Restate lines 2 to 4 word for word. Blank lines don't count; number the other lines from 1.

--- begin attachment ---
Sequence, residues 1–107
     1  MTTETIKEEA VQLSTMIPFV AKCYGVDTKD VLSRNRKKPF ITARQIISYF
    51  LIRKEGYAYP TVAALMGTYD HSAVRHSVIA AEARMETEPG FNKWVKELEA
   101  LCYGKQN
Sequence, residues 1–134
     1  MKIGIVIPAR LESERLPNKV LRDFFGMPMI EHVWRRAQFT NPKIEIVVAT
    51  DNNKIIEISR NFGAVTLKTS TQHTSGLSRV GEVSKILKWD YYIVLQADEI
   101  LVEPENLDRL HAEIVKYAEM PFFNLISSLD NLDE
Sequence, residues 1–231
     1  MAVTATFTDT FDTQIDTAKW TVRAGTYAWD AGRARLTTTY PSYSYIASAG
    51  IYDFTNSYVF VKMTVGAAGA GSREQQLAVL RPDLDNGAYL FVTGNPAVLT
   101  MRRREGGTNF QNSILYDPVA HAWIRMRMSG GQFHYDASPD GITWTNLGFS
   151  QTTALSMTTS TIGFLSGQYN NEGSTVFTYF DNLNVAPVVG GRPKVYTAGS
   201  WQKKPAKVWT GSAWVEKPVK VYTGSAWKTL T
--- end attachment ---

     1  MTTETIKEEA VQLSTMIPFV AKCYGVDTKD VLSRNRKKPF ITARQIISYF
    51  LIRKEGYAYP TVAALMGTYD HSAVRHSVIA AEARMETEPG FNKWVKELEA
   101  LCYGKQN